On the north coast, the canners focused their sights on the so-called Babine Barricades. This was a complex system of traps and weirs built in the upper reaches of the Babine River, a tributary of the Skeena, near Babine Lake. The barricades produced hundreds of thousands of salmon each season and the people relied on them to provide food for the year as well as to sell to other tribes. But Ottawa had banned traps and allowed First Nations to catch fish only for their own consumption. In the summer of 1904 fisheries officer Hans Helgesen travelled to the Babine where he supervised the destruction of the barricades. Not surprisingly, the result was starvation for the Babine people, and in 1906 the traps were back in place. A party of five fisheries officers and police constables arrived on the scene determined to enforce the law. Since the Babine were equally determined to protect the barricades, the two sides came to blows. When word reached Helgesen back on the coast, he hurried to the site of the standoff and eventually a compromise was found. That autumn two of the Babine chiefs travelled to Ottawa where they met with the fisheries minister and the minister of Indian Affairs. The politicians would not agree to the reconstruction of the barricades. In the end an agreement was hashed out that provided nets for the people and gave them the right to sell some of their catch. It was a victory for the canners, a victory that was replicated at several other sites upriver from the coast where First Nations traps and weirs were destroyed.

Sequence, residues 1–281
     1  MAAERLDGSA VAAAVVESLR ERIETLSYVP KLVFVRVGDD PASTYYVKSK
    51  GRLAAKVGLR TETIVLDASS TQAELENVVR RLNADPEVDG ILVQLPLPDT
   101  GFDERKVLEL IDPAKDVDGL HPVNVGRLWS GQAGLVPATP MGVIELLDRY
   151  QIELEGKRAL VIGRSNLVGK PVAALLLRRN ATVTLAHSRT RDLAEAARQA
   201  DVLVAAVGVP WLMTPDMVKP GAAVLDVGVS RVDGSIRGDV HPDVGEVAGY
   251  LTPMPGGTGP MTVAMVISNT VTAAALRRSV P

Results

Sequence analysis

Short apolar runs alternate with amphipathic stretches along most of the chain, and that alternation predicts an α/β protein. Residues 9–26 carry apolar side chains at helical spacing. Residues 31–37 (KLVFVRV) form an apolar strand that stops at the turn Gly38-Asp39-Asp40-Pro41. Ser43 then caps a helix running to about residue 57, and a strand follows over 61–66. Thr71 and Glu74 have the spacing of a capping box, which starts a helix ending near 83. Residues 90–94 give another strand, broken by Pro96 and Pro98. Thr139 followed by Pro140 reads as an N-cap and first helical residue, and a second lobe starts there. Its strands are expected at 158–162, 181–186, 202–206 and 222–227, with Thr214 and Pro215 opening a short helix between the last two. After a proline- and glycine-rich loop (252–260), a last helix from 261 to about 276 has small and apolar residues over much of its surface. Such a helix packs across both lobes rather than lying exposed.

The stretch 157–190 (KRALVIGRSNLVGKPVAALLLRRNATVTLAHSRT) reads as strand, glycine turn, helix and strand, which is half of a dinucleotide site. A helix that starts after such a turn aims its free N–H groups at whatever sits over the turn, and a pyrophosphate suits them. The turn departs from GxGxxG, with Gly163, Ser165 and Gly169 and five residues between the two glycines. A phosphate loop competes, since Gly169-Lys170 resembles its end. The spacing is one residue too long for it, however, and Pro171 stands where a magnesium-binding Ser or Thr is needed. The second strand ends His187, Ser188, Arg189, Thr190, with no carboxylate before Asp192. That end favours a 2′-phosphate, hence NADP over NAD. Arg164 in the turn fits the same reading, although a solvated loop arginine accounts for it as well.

The aboriginal fishery was struck a further, and near fatal blow, in 1913. During the previous winter, construction crews for the Canadian Northern Railway had been blasting a right-of-way through the Fraser Canyon. Tonnes of rock and dirt tumbled down the steep canyon sides into the river until eventually the flow of water was reduced to a trickle. Nothing could get through, including the sockeye salmon on the way to their spawning grounds in the interior. In early August John P. Babcock, BC’s deputy fisheries commissioner, arrived at the scene. He found a huge school of sockeye packed tightly together in the river stretching fifteen kilometres downstream. It was an incredible sight, but one that predicted disaster. The way forward was blocked by rubble and impassable rapids. With nowhere to go, the fish would die by the millions without spawning, their corpses piling up on the sandbars and gravel banks of the river. As Babcock wrote during another tour of the area in October: “The living were not spawning and the dead were unspawned.” An entire season’s salmon run was being destroyed, imperilling not just the industry at Steveston but the First Nations tribes for whom the salmon provided the main source of food.